We focus attention on how, within the black community, by the 21st century communication evolved to include the user-generated content shared on social media sites, such as Twitter, Facebook, and Instagram in what scholars commonly refer to as “Black Twitter.” Twitter, which turned 11 years old in 2017, changed how people communicated and was especially significant for black users. The segment of the population, collectively known as Black Twitter, used the platform to “clapback” (giving appropriate, sharp tongued answers to negative messages from others) at social injustices and to drive visibility to discussions about black life and culture, led by those who knew it best: black people (Workneh, 2016). Popular clapback hashtags included: #Oscarssowhite, #blackgirlmagic., #StayMadAbby, #NiggerNavy, #ThanksgivingClapback and #YouOKSis.

In the 21st century, comedians and ordinary U.S. citizens, alike, use socio-cultural devices, and social media platforms, such as Twitter, to disseminate humorous messages about various matters—from politics to social movements to racism. Within the following pages, we highlight how the Web now offers a platform for many who wish to share humorous yet insightful messages that explore important, innovative topics such as social justice issues, women’s rights concerns, politics, President Barack Obama’s two terms in office, and the period leading up to and the aftermath of Donald Trump’s election as the 45th president of the United States.

We compare, contrast and question, in each of the periods, key differences and similarities in comedians’ styles, communication strategies and the platforms they used for disseminating their humor. We also examine ways in which people inject stereotypes and cultural narratives into African American humor. We tease out the distinctive features of black humor, built—for the most part—around the desire of each comedian to reveal who they were and how they viewed the world as they told their own and other people’s stories. We share perceptions about these “humor experts,” who sometimes helped to expose perceived racism and embraced or explained “racial identity” issues, and racial issues, while others among them skillfully avoided doing so. ← 3 | 4 →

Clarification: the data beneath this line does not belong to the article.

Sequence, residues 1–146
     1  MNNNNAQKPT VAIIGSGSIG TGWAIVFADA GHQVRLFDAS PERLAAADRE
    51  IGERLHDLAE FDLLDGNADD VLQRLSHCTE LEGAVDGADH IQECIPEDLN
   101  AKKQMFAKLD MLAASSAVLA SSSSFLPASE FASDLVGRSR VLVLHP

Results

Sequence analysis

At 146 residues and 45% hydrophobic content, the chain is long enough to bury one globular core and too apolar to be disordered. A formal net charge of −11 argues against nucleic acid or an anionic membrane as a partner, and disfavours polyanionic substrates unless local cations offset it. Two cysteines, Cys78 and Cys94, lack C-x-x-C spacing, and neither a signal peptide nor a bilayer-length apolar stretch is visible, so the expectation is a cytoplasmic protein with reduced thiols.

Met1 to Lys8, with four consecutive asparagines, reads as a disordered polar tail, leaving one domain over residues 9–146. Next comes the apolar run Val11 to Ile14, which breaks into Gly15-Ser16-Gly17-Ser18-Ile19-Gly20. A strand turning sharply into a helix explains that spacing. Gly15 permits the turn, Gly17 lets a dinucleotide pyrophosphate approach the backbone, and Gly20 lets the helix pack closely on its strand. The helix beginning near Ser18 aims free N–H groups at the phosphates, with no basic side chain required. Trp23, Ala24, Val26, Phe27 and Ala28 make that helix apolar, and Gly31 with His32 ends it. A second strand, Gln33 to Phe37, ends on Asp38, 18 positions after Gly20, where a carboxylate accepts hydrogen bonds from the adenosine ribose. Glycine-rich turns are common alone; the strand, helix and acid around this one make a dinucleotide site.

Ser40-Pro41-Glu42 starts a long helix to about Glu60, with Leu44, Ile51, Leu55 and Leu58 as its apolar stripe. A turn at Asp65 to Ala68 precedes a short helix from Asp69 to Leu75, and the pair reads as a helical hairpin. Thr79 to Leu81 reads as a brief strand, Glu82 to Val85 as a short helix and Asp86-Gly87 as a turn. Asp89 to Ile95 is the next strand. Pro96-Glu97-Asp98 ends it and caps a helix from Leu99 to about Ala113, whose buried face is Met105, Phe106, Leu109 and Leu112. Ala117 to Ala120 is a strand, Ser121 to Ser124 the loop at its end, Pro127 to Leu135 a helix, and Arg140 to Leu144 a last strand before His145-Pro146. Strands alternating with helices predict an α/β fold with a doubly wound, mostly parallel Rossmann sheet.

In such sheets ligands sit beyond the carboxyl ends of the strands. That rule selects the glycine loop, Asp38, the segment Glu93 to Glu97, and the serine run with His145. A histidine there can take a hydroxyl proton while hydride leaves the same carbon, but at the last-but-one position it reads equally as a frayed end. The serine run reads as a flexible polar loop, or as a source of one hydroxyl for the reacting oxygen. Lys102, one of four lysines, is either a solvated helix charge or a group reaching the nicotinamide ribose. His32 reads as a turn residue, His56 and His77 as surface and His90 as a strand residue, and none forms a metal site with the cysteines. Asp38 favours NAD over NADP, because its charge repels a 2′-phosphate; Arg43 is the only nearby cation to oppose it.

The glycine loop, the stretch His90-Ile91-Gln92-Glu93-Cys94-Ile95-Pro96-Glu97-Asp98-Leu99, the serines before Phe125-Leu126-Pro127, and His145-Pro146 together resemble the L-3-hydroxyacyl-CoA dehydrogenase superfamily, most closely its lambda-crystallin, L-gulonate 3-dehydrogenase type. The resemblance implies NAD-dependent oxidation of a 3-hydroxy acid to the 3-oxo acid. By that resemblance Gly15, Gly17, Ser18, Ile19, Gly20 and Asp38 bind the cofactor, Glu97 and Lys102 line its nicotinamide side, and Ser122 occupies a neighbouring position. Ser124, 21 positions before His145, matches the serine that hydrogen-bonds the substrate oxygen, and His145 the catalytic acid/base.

Methods of Exploration

To examine these important topics, we make use of cultural studies and critical media studies; at these studies’ core is a concern and a critique of the configuration of culture and society where the scholars’ sights fix firmly on social transformation (McQuail, 2002). Critical media studies view discourse as interactions between producers and audiences. In the process of studying a problem, the researcher acknowledges his or her own bias and position on the issue; this is known as reflexivity.

Critical media scholars use a meta-theoretical model that combines critical social theory, philosophy, media, communications studies and other disciplines, along with cultural analysis to look at modern media systems and studies, such as the Web, discourse analysis and cultural studies. The three-part approach to media studies often addresses ideology, context, and audience reception, where ideology is important because most dominant ideologies serve to reproduce social relations of domination and subordination.